Keys to Injury Prevention

My whole business is focused on getting people back to strength after suffering an injury.  Many times when dealing with a new client it would be great if that injury never happened in the first place.  It sounds a bit counter intuitive, but if there were people out there actively trying to work towards NOT hurting themselves it would make my life a lot easier.

So when we look at the basic causes of an injury, it can be boiled down into a few main factors I see constantly.  I would like to address these one by one with the hope that it will allow some of you who might be on your way there (or are quite injury prone) to prevent any recurrence of what you have already done, or also maybe not have an injury happen in the first place.

What does your tissue need in order to be at its peak performance when you shove a bunch of forces through it?  It needs to be able to generate (and sometimes sustain) tension across a wide range of motion so that the tissue that is that last line of defense to prevent injury isn’t adversely affected.

What factors come into play therefore to increase the body’s ability to generate and sustain this tension?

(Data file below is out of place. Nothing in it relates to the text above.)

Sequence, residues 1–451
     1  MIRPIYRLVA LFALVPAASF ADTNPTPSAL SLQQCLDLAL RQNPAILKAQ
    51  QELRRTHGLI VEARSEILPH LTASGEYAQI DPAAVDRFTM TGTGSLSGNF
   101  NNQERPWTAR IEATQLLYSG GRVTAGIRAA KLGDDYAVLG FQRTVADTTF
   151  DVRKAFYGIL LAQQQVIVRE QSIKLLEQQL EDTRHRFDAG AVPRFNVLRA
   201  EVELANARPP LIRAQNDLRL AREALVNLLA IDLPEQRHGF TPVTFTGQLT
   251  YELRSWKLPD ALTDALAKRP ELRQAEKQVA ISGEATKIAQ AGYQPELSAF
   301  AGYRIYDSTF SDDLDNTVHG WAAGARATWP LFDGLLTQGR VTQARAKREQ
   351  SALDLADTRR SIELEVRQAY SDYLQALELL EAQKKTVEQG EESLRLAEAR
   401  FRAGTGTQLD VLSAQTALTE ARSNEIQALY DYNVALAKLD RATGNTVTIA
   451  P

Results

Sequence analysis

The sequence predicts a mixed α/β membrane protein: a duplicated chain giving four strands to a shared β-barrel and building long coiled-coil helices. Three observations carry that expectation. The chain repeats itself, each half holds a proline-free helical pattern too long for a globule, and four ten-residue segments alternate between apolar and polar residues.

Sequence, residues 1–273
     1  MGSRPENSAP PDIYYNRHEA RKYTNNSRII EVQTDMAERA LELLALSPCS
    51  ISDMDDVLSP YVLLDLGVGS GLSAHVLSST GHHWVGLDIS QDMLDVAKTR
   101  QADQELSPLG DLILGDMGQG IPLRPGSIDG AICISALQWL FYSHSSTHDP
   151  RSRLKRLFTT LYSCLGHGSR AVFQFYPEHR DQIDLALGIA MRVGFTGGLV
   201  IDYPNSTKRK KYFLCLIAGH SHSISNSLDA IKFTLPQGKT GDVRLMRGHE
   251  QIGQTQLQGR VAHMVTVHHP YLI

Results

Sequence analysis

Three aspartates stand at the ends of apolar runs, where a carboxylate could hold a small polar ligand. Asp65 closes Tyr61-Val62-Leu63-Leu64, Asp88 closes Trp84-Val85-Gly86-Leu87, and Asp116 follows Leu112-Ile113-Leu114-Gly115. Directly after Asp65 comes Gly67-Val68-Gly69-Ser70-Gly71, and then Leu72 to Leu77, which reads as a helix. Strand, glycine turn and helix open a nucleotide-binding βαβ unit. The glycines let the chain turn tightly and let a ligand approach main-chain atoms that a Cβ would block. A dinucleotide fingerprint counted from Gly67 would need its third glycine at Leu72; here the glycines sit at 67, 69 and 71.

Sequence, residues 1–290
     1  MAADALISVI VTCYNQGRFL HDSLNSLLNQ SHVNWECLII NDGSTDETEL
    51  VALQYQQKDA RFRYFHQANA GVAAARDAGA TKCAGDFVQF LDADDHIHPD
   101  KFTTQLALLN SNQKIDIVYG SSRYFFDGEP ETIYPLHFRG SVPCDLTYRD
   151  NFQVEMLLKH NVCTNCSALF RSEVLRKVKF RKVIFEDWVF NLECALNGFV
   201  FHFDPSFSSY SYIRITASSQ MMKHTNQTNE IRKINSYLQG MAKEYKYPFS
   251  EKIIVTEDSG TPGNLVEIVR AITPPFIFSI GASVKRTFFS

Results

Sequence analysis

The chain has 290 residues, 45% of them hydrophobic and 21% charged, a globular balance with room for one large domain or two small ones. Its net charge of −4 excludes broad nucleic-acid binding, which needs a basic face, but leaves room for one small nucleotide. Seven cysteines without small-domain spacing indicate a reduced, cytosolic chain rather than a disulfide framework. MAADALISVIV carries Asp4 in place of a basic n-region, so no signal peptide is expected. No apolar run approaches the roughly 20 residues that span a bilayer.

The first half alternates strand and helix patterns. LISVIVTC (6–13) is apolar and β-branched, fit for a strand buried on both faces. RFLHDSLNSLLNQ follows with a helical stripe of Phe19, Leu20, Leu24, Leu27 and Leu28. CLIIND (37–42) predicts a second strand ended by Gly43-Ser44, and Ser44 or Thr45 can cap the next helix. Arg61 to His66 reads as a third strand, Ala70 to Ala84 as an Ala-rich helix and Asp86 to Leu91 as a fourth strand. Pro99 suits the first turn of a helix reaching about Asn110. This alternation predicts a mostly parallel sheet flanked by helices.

Nervous system engagement

The way muscles fire is part of the autonomic nervous system.  In simple terms, the brain controls muscular movement through firing something called an action potential across a nerve.  This is done in conjunction with the endocrine (hormonal) system.  Therefore, a large part of generating tension in muscles is what we refer to in my world as priming the system.

If you are training for a specific movement, then you should be doing a dynamic warmup to support the main movement that you are trying to practice.  An example would be if you are planning on training explosive power, you would perform something like a jump in order to get the CNS ready for a fast, powerful movement.